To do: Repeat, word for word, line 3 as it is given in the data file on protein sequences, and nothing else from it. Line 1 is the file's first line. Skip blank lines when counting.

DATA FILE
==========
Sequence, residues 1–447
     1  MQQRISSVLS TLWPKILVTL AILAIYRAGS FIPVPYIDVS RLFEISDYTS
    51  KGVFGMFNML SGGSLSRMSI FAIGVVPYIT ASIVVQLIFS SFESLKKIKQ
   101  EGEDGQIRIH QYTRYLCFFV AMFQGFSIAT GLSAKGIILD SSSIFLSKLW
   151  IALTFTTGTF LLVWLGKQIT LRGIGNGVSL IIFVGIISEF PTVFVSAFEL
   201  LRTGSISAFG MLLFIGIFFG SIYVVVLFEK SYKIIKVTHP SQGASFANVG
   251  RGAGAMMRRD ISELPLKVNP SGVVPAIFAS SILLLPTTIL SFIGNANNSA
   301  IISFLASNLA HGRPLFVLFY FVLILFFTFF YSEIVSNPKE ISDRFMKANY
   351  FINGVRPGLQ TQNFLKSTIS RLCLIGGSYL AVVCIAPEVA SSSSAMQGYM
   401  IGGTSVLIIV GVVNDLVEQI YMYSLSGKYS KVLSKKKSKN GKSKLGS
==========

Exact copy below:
    51  KGVFGMFNML SGGSLSRMSI FAIGVVPYIT ASIVVQLIFS SFESLKKIKQ